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Henbury Meteorites and the Lizard-Woman

Unlike other meteorite craters, the largest of famous Henbury iron meteorite craters formed when the giant lizard-woman named Mulumura dug down through the Australian soil throwing out iron fragments and lines of orange dirt in what would later be called ejecta forming the rays around the 180 meter-wide depression. Wisely, other Aboriginal people would not camp near the crater for fear that the fire-devil would fill them with iron. Nor would the locals drink from any water that pooled in the craters because the fiery devil that ran down from the sun and now makes his home on earth will burn and eat any “black fellows.”

The Henbury Craters and accompanying meteorites are named after the Henbury Cattle Station near the Finke River in Northern Territory, Australia. Initial recognition and protection of the Henbury craters located about 90 miles south of Alice Springs was formally adopted in 1980, and later readopted on the Northern Heritage Territory Register in 2003. The fascinating site is on my meteorite bucket list, but in the meantime, I will enjoy the irons of the fall.

It’s suspected that a large iron meteorite broke apart before striking earth some 4700 years ago leaving behind 14 craters and a story that might have been passed down through the ages from actual witnesses. On the science side, the Henbury craters did not attract much attention until the 1930 fall of the Karoonda meteorite. Only then did the scientists give Henbury proper attention, and thus Henbury is listed as find discovered in 1931.

My initial encounter with a Henbury meteorite was way back when I began collecting meteorites in the early 1990s. I bought a specimen from David New as one of the first 10 pieces in my collection. Another Aussie iron named Mundrabillia was the very beginning of my meteorite collecting. Since then, I have acquired a few more Henburys of various shapes and weights, but as my serious collecting turned to historic witnessed falls, geriatric irons were not high on my list. But Henbury was a keeper. So much so that sometime, maybe ten years ago, I was on the phone with Blaine Reed about something meteoritic. I don’t recall the specifics, but I ended up with a baggie filled with small Henbury specimens. As I was digging around, I discovered the baggie again in a similar fashion as when I discovered my coffee can full of Sikhote-Alin specimens. And I think I have another can around here will a small pile of as-recovered Canyon Diablos. But that’s for another article.

The notation on the baggie of Henbury individuals lists it at 450 grams and my scale confirms the mass. With that detail out of the way, I decided to spend some time digging through the many Henbury irons and let the gift of the Lizard-Woman fill me with iron.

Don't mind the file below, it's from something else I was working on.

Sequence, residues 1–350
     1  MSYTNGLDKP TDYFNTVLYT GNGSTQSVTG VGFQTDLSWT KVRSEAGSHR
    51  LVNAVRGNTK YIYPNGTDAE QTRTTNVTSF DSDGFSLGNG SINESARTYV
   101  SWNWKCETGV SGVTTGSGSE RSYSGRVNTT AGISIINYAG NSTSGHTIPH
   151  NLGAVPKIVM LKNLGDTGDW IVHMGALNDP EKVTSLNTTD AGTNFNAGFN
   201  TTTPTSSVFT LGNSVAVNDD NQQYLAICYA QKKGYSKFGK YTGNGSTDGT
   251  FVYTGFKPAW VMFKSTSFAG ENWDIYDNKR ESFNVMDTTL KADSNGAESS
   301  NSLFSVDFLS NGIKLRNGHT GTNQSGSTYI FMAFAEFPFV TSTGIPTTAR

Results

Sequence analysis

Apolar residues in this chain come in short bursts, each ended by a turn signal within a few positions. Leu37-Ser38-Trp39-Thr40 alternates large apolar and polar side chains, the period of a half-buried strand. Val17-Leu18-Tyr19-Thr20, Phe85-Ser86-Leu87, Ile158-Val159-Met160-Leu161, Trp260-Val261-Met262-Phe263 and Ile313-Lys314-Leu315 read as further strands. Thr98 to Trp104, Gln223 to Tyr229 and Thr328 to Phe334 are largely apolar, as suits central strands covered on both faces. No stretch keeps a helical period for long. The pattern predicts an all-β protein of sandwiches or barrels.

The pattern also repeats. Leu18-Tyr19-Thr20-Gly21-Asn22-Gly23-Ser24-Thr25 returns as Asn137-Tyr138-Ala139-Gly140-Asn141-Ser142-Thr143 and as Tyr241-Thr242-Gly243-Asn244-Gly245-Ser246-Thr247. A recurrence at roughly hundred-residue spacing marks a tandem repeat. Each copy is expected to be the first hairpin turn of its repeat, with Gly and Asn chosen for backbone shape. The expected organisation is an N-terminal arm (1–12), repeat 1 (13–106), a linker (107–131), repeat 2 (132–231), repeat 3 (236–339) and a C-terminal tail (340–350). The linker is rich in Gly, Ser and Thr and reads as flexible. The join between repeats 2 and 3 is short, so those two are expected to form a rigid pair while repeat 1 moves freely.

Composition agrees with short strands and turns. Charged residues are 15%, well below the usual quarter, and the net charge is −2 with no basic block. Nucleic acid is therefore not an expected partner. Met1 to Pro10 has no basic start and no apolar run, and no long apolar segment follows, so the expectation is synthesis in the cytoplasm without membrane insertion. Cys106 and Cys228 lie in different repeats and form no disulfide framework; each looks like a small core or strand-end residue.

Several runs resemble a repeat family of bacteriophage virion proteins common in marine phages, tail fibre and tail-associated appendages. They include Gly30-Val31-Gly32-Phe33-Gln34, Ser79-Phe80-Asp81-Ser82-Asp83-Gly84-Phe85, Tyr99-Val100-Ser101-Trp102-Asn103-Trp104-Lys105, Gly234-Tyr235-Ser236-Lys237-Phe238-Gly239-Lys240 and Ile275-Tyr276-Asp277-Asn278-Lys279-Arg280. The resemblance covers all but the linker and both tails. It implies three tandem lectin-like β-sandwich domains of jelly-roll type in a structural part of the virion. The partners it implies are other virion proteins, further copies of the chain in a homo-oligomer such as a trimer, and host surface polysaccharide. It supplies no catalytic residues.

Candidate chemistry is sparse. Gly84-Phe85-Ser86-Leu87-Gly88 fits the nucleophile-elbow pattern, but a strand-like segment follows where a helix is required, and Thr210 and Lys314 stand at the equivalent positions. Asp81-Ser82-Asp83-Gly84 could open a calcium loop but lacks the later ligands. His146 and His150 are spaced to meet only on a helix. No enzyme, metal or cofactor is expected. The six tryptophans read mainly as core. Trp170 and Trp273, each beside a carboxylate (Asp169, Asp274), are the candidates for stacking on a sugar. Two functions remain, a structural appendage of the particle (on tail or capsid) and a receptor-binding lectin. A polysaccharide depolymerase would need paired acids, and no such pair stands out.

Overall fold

Many of the Henbury pieces look like shrapnel reminiscent of Shikote-Alin possibly having the same hard landing on earth. I have seen some beautiful oriented Henbury irons and some wildly deformed shapes that could not have spent much time screaming through the atmosphere in their current form or the finer points would have ablated off.

Henbury is classified as a type IIIAB medium octahedrite. Earlier classified as a type IIIA, it is now suggested that the IIIAB is more accurate.


Some of the Henbury specimens in the bag are paper thin yet square centimeters in two-dimensional surface area. Others are twisted or bent in all manner of contortions as evidence of a rough ride to Australia. I tried to imagine what the ancient people of the area though of all the mangled metal and I could see that in a land of smooth forms filled with deadly animals that bite, the irons of Henbury would no represent peace or calm. Instead maybe something along a fire-devil from the sun violently crashing to earth.

So like some of the other irons in my collection, I am leaning towards counting Henbury as a witnessed fall. The available evidence of the craters allows a model to be made as to the general circumstances of the fall as it happened almost 5000 years ago when there were people in the neighborhood. The famous Vagn Buchwald of the Handbook of Iron Meteorites also came to that same conclusion, and noted so in the Henbury entry in his great Handbook with, “Under the circumstances it is quite possible that Henbury is a witnessed fall.” And there you have it!

And the lore passed down through time describing the creation of the craters fits in nicely with the science in my opinion. Well, minus the anthropomorphic lizard-woman and coming from the sun. But both those oversights are also easily explainable by science. A lizard digging a hole could create a crater-like pit complete with raised rim and ejecta rays. Henbury just required a bigger lizard. And a fire-devil running down from the sun is obvious. So much so that other meteorite falls considerably more contemporary have also shared the sun analog. And devils in astronomical events are a dime-a-dozen.

Until next time….

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